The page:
HELP


PLANT SSP PREDICTION TOOL INSTRUCTIONS


Plant SSP Prediction tool is an integrative pipeline to identify Small Secreted Peptides in plants based on different predictions - protein length; presence and location of signal peptide cleavage sites (by SignalP analysis); homology with previous identified SSPs and families; and transmembrane helices detection. Users can detect 3 types of SSPs - Known, Likely Known, and Putative SSPs based on the defined criteria explained below.


PREDICTION INFORMATION AND CRITERIA

The prediction of SSPs is performed based on different criteria: peptide length; D-score estimation by SignalP 4.1 server; homology analyses and transmembrane helices prediction. D-score is a combined value from signal peptide and cleavage site prediction networks and it is used to discriminate signal peptides from non-signal peptides from SignalP 4.1 server. According the SignalP, for eukaryotes the D-score > 0.45-0.5 is an indication of a SSP. SignalP analyses are implemented with SignalP server and transmembrane helices prediction with TMHMM server.

Homology analyses are performed with two different algorithms and databases: (1) HMM search using HMMER tool with 4,818 HMM profiles from 36 known Mt SSP families identified by de Bang et al. 2017, SSP families from PlantSSP database based on five plant species identified by Ghorbani et al., 2015, IMA family described in Grillet et al., 2018, and PROSCOOP family described in Gully et al., 2019; and (2) Smith-Waterman search using SSearch tool with 3,415 Known SSP genes including previous SSPs identified by PlantSSPdb, 132 IMA SSPs from Grillet et al., 2018, 14 PROSCOOP SSPs from Gully et al., 2019 and 1,974 SSPs identified by our group.

Our tool provides a prediction of three types of Small Secreted Peptides - Known, Likely Known and Putative SSPs. More details about the criteria used to identify Known and Putative SSPs are described in de Bang et al., 2017. Additionally, there are SSPs classified as Likely Known SSPs with significant homology with previous identified SSPs and small protein size, but these should be checked carefully.


SSP Type Criteria
Known SSPs significant homologies with known SSPs (considering HMM and Smith-Waterman searches; e-values ≤ 0.01); small protein length (≤ 200 aa); and SignalP D-score > 0.25
Likely Known SSPs significant homologies with known SSPs (considering HMM and Smith-Waterman searches; e-values ≤ 0.01); and small protein length (≤ 250 aa)
Putative SSPs no significant homologies with known SSPs or hit with one type of homology; small protein length (≤ 230 aa); SignalP D-score > 0.45; and no presence of TM domains

NOTES: Our prediction is an estimation of SSPs based on different parameters; but TM predictions can vary depending on the tool used. Significant homologies with known SSPs require both homology analyses to be classified as a known SSP or likely known - HMM and Smith-Waterman searches (e-values ≤ 0.01). We recommend that SSPs should be further confirmed by expression evidence.



SPECIES AVAILABLE

This tool is suited to the analysis of protein sequences from multiple plant species, since its reference sequences and HMMs are built based on sequences from 35 plant species:

Aegilops tauschii, Amborella trichopoda, Arabidopsis lyrata, Arabidopsis thaliana, Arabis alpina, Brassica napus, Brassica rapa, Cannabis sativa, Cicer arietinum, Citrus clementina, Crocus sativus, Cucumis melo, Erythranthe guttata, Glycine max, Gossypium hirsutum, Impatiens balsamina, Jatropha curcas , Lotus japonicus, Medicago truncatula, Morus notabilis, Nicotiana attenuate, Nicotiana tabacum, Oldenlandia affinis, Oryza sativa, Phaseolus vulgaris, Pisum sativum, Populus trichocarpa, Ricinus communis, Solanum tuberosum, Solanum lycopersicum, Stellaria media, Theobroma cacao, Triticum urartu, Vitis vinifera, and Zea mays.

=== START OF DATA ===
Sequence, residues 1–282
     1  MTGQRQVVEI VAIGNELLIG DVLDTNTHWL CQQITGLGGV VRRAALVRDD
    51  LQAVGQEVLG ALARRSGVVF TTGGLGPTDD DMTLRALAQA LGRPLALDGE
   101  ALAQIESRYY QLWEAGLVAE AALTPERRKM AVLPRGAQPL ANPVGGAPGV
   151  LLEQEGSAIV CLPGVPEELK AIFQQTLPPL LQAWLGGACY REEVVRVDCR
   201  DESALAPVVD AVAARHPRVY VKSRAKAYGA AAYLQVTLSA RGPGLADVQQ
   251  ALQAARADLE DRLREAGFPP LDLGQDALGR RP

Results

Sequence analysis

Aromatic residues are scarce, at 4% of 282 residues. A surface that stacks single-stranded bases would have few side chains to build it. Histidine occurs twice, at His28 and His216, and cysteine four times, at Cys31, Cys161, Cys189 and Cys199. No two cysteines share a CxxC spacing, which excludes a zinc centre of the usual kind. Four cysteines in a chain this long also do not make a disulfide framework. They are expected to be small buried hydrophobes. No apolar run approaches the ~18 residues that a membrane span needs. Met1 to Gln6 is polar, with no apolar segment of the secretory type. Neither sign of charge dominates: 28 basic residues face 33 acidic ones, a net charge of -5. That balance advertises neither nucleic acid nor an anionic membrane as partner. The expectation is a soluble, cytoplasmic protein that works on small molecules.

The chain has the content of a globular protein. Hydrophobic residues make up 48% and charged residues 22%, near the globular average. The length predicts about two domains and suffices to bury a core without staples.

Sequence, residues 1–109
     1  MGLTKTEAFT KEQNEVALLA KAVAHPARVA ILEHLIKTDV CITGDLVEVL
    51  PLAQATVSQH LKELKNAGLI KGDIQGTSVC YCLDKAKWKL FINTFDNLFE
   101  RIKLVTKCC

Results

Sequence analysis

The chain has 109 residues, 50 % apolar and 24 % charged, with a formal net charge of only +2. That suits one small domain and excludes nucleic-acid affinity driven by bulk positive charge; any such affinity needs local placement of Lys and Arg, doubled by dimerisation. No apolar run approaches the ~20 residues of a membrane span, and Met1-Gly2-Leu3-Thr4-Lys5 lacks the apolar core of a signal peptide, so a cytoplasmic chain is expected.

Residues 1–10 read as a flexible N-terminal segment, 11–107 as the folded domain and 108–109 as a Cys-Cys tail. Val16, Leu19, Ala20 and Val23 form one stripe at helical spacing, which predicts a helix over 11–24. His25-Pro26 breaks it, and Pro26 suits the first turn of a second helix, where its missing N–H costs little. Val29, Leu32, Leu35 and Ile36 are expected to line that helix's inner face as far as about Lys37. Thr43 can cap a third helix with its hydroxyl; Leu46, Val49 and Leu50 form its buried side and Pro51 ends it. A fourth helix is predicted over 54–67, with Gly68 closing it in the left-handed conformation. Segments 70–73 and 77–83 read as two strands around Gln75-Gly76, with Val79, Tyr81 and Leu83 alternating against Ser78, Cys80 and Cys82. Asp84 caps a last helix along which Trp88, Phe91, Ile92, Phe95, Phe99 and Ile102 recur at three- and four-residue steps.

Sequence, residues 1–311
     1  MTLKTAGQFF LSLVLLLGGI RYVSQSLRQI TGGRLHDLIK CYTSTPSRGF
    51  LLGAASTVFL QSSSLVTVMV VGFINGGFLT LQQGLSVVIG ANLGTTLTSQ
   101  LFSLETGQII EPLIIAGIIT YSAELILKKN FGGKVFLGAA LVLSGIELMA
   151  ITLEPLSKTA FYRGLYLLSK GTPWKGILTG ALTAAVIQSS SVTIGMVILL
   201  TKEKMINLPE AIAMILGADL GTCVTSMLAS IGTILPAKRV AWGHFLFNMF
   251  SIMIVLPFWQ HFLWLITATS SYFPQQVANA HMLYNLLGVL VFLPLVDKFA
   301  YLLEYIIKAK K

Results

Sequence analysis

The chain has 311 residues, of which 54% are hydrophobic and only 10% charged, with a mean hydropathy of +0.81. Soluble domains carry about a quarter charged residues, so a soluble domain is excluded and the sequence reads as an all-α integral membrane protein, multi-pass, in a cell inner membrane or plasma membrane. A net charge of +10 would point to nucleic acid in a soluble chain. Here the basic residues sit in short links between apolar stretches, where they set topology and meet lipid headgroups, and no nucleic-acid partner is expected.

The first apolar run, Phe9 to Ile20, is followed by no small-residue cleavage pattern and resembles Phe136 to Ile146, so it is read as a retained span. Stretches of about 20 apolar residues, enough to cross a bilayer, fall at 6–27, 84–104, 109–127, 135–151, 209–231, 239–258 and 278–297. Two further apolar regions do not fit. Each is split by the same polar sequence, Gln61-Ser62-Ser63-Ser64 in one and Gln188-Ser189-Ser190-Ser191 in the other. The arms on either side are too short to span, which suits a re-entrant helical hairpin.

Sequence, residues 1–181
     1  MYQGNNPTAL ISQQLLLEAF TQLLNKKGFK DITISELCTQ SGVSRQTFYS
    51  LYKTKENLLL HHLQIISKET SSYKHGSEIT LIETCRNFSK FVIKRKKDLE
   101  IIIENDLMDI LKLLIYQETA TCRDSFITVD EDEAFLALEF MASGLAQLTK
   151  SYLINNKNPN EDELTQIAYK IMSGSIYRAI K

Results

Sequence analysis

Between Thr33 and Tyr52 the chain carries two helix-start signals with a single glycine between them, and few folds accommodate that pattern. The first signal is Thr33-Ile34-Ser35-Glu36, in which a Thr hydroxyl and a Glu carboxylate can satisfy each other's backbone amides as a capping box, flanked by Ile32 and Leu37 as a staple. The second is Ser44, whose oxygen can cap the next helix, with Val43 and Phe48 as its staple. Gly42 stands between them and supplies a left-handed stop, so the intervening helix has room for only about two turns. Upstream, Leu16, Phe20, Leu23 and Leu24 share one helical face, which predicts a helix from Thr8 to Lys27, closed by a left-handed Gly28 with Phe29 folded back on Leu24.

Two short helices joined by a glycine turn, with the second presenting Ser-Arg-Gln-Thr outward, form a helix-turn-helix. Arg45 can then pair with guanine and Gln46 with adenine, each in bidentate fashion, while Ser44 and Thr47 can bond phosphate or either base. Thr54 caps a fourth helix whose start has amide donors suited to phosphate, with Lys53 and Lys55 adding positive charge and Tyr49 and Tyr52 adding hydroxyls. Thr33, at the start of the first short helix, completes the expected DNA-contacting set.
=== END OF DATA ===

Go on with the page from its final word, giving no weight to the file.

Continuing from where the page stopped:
PREPARING INPUT FILE

The tool analyses protein sequences in FASTA format with unique IDs. Please make sure the sequences are proteins in a fasta format and have a unique ID.


Input Example:

>Medtr2g010580
TIKKITMNMILAIFFICSTLSCMNISLAQNSPQDFLEVHNQARDEVGVGPLYWEQTLEAYAQNYANKRIKNCE
LEHSMGPYGENLAEGYGEVNGTDSVKFWLSEKPNYDYNSNSCVNDECGHYTQIIWRDSVHLGCAKSKCK
NGWVFVICSYSPPGNVEGERPY
>MT35Noble_004404
MQGYKPISNTYRYDKVHKSESFGFNLSLFDSLIKRWITREVFAALRTKEYHTSSYTRKQENITIHL
>Medtr0001s0100
MGLILLQILFIQELFLPTLQVLKLVKLSPKVRWNARGQPVKEASQVFVSYIGVINCREVPISMEN


HOW TO RUN IT

Paste the protein sequence(s) or select your fasta file to run. Then press "Upload & Submit".

A thousand protein sequences will take about 1 minute to run.



OUTPUT FILE

The output is displayed as a table or can be downloaded as a csv file.

SSP families starting with "c" are from the PlantSSPdb (cluster number).


Output example:

ID Protein length Signal D-score Homology with SSP HMM profiles Homology e-value Homology with known SSPs Homology e-value TM domains SSP prediction result
Medtr2g010580 164 0.725 CAPE 6.4e-68 CAPE_CAPE1_Mt 2.9e-77 0 Known SSP
MT35Noble_004404 66 0.118 - - - - - Non SSP
Medtr0001s0100 65 0.593 - - - - 0 Putative SSP


ERROR MESSAGES

There are 3 different types of error messages that users can obtain:

  • "Input file is not FASTA". Fasta format is required.

  • "Input file does not have protein sequences". Protein sequences are required, and nucleotide sequences are not accepted.

  • "The query list contains identical protein IDs". Unique protein IDs are required, and duplicate IDs are not accepted.



HOW TO CITE

Description of the criteria used to identify Known and Putative SSPs are described in de Bang et al., 2017.



HELP

Scientific or technical issues: Clarissa Boschiero or Xinbin Dai.

More information about the SSP project: Patrick Zhao or Wolf Scheible.